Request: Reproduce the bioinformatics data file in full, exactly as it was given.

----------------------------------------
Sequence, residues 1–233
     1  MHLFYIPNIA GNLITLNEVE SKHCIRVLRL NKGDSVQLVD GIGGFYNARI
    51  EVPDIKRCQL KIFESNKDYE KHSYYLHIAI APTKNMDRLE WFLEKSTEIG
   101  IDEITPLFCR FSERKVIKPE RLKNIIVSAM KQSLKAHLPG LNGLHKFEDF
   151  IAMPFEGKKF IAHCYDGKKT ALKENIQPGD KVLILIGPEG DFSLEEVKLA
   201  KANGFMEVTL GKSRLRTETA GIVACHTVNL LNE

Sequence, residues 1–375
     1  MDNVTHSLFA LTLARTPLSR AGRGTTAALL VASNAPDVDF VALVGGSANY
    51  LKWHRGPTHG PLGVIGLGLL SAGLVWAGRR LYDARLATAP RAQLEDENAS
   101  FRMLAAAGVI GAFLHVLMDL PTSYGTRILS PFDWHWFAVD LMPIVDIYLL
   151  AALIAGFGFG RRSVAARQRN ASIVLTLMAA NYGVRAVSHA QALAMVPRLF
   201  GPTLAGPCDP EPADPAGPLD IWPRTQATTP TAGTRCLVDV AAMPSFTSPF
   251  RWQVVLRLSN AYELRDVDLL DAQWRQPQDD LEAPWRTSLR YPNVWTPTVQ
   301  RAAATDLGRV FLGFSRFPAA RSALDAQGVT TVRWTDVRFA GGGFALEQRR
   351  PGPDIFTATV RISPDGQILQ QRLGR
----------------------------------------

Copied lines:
Sequence, residues 1–233
     1  MHLFYIPNIA GNLITLNEVE SKHCIRVLRL NKGDSVQLVD GIGGFYNARI
    51  EVPDIKRCQL KIFESNKDYE KHSYYLHIAI APTKNMDRLE WFLEKSTEIG
   101  IDEITPLFCR FSERKVIKPE RLKNIIVSAM KQSLKAHLPG LNGLHKFEDF
   151  IAMPFEGKKF IAHCYDGKKT ALKENIQPGD KVLILIGPEG DFSLEEVKLA
   201  KANGFMEVTL GKSRLRTETA GIVACHTVNL LNE

Sequence, residues 1–375
     1  MDNVTHSLFA LTLARTPLSR AGRGTTAALL VASNAPDVDF VALVGGSANY
    51  LKWHRGPTHG PLGVIGLGLL SAGLVWAGRR LYDARLATAP RAQLEDENAS
   101  FRMLAAAGVI GAFLHVLMDL PTSYGTRILS PFDWHWFAVD LMPIVDIYLL
   151  AALIAGFGFG RRSVAARQRN ASIVLTLMAA NYGVRAVSHA QALAMVPRLF
   201  GPTLAGPCDP EPADPAGPLD IWPRTQATTP TAGTRCLVDV AAMPSFTSPF
   251  RWQVVLRLSN AYELRDVDLL DAQWRQPQDD LEAPWRTSLR YPNVWTPTVQ
   301  RAAATDLGRV FLGFSRFPAA RSALDAQGVT TVRWTDVRFA GGGFALEQRR
   351  PGPDIFTATV RISPDGQILQ QRLGR